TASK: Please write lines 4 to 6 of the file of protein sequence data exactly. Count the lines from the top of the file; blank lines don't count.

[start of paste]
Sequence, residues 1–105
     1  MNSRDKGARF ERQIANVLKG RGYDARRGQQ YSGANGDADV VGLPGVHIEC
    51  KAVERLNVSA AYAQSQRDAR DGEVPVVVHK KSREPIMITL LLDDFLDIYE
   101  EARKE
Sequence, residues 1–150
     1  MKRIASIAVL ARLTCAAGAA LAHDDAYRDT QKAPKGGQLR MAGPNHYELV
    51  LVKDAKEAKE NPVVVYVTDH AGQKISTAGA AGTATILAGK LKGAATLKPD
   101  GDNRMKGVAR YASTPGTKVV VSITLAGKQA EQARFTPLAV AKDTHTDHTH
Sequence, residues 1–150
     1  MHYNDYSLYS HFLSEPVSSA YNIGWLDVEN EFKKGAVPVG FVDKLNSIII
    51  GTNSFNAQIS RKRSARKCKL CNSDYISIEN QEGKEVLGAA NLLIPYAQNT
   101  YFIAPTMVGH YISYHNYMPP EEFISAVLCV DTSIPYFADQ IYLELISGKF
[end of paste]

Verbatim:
   101  EARKE
Sequence, residues 1–150
     1  MKRIASIAVL ARLTCAAGAA LAHDDAYRDT QKAPKGGQLR MAGPNHYELV